Trina Solar (NYSE: TSL) shares rose 15.7 percent Monday after the company said it has canceled plans to build a 10,000-ton silicon factory.

The company in December announced it was building the $1 billion plant, which it had planned to finish in 2012. That was after Trina saw its margins squeezed by the shortage of solar-grade silicon last year and after the company in October hired a vice president for polysilicon to help confront its problem (see Silicon Steals the Spotlight, Again, Could China Steal the Solar Throne? and Has Trina Solar Found its Man?). 

The company last month also announced an agreement to buy $49 million worth of equipment for its project to make silicon, also known as polysilicon. The agreement will lapse as a result of Monday’s news, according to Trina. 

Trina made the decision to end the plant’s development after "careful assessment of our raw-material requirements, in conjunction with recent and favorable long-term polysilicon market and supply condition developments," CEO Jifan Gao said in a written statement.

Shares rose $5.95 per share to close at $43.95 per share Monday.

Investors on message boards wondered if the news was a sign that the silicon shortage is coming to an end, in line with Frost & Sullivan estimates that the four-year-old shortage will end this year.

But Rick Hanna, an equity analyst at Morningstar, said it’s "a little premature" to say that it’s over.

"There’s a massive race to add more capacity because [the industry] is still capacity-constrained in the short-term, although so much capacity coming on board should eliminate some of the supply constraint that we’ve had -- if not this year, than certainly in 2009 or 2010," he said.

Many companies are still adding as much capacity as they can in an attempt to grow large quickly, he said.

"We’re really in a land grab right now, building up capacity in anticipation of demand," he said. "There could be a lot of companies sitting on a lot of capacity, and the question becomes how stable is the demand. There’s a race to become a major player in the solar industry."

Still, he called Trina’s decision "a breath of fresh air" amid a series of silicon-expansion announcements.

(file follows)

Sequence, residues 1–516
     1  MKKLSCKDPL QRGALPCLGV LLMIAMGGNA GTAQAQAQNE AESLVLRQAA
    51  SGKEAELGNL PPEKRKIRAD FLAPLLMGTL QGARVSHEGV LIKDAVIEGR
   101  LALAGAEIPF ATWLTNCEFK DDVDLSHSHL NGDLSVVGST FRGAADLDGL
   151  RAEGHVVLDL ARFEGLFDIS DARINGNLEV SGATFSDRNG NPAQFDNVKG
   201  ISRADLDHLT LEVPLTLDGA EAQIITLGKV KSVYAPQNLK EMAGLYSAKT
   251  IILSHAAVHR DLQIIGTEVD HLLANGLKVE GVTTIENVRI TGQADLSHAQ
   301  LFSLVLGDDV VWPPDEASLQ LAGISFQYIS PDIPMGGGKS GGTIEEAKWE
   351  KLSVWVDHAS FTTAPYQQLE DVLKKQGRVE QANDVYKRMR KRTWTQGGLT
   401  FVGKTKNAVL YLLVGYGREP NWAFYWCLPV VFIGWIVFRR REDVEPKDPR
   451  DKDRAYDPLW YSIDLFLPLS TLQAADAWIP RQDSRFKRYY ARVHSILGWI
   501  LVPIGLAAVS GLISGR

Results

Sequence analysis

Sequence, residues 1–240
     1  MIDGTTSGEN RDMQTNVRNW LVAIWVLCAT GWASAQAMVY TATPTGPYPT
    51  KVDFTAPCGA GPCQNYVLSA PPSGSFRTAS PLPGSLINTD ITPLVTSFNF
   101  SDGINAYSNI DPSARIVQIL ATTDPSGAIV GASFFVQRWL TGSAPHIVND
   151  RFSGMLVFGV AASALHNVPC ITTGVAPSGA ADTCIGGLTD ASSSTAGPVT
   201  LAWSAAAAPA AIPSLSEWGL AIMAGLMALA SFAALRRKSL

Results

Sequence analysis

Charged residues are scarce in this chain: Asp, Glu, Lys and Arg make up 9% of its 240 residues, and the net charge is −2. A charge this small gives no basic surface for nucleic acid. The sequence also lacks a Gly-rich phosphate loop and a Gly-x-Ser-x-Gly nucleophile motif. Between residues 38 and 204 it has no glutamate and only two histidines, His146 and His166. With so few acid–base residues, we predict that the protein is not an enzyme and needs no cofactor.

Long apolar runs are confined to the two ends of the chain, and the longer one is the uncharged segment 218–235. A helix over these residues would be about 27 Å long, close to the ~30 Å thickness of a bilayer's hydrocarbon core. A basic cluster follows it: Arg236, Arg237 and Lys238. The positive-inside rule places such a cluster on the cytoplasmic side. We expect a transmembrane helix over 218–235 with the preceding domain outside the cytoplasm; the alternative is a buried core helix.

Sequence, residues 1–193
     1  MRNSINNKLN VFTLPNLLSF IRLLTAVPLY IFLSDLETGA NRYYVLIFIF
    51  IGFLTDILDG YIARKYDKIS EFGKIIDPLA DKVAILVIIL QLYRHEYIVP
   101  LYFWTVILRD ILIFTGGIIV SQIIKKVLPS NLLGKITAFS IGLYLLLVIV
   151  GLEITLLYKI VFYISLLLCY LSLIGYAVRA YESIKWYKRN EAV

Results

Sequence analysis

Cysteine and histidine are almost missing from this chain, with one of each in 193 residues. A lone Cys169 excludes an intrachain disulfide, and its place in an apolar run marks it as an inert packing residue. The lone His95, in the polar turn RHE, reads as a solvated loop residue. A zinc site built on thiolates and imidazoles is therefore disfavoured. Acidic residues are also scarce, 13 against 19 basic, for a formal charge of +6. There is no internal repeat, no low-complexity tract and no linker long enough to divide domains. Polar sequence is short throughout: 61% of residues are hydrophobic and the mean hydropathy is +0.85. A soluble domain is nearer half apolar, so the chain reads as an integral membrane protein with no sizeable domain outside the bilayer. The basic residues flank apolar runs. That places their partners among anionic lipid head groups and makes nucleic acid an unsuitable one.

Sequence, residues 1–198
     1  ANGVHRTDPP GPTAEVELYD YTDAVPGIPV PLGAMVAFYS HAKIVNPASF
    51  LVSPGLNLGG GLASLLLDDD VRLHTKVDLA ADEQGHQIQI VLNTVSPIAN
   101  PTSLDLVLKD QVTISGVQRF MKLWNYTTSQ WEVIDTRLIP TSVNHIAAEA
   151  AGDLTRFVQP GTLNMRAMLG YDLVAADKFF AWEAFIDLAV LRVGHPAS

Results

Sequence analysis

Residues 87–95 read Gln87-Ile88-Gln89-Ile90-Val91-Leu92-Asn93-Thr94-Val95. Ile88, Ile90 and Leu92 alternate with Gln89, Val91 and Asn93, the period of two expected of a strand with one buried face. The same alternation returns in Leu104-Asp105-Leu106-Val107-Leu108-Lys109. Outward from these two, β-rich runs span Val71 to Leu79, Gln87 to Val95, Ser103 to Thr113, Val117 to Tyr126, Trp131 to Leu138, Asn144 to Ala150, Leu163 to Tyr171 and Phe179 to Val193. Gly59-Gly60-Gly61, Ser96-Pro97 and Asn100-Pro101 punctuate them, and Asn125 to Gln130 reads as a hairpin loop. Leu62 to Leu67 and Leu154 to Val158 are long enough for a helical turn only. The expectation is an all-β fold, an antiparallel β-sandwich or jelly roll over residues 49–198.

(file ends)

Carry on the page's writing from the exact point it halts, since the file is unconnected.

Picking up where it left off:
Hanna said he’d been concerned that Trina would have to raise capital to produce silicon, in addition to expand its production of solar cells, which would end up diluting the stock.

"It seemed the capital expenditure was more than it should be," he said. "I think as they focused, they said, ’Let’s look into panels and do that really well, and not go into [silicon] ourselves,’ and they obviously got a good response from shareholders. I still think they are going to have to access the capital markets as they expand, but the capital requirements just got lower."

Paula Mints, solar power analyst at Navigant Consulting, also suggested that the decision was related to the cost of building the factory.

"It might be, and this is pure speculation, that with all the silicon from Wacker, REC, etc., coming online, Trina felt that they might end up spending a lot of money to manufacture something that they would then have to sell at a low price," she said. "Looking at it this way, it is not a bad decision."

Trina’s announcement might not be the only such decision, either, Hanna said. While the silicon shortage has meant that companies have been able to sell as much solar equipment as they can produce, companies are trying to forecast future demand to avoid expanding beyond it -- and that’s difficult, he said.

Companies are facing a "very real-time" decision of whether to produce their own silicon, if they don’t have as much as they’d like, and some might well wait to see if they have enough preorders to justify the production before going forward, he said.

"A lot of people have announced capacity expansion and it’ll be interesting to see if companies will do as Trina did -- announce the expansion and get the money, but wait and see if they see demand increase and, if not, maybe pull back," he said. "It’s hard to know how individual companies are going to react to that."

The news also might be a testament to the difficulty of producing silicon. After all, a number of silicon plants are behind schedule (see Polysilicon Plant Costs On the Rise and Silicon Setback).

It’s clear that many Chinese silicon plants are facing challenges that have put them well behind schedule, said Jed Dorsheimer, an analyst at Canaccord Adams who recently returned from a trip to China.

"Manufacturing polysilicon is not as easy as a lot of manufacturers think," he said.

Earlier this month, Mints also said that silicon manufacturing is complex and expensive to start up.

Still, Mints said she would have to see "a lot of plants canceled to start changing my view of silicon availability."

Mints previously has said that she expects the silicon supply to ease next year (see Silicon Still a Hit Topic at Photon).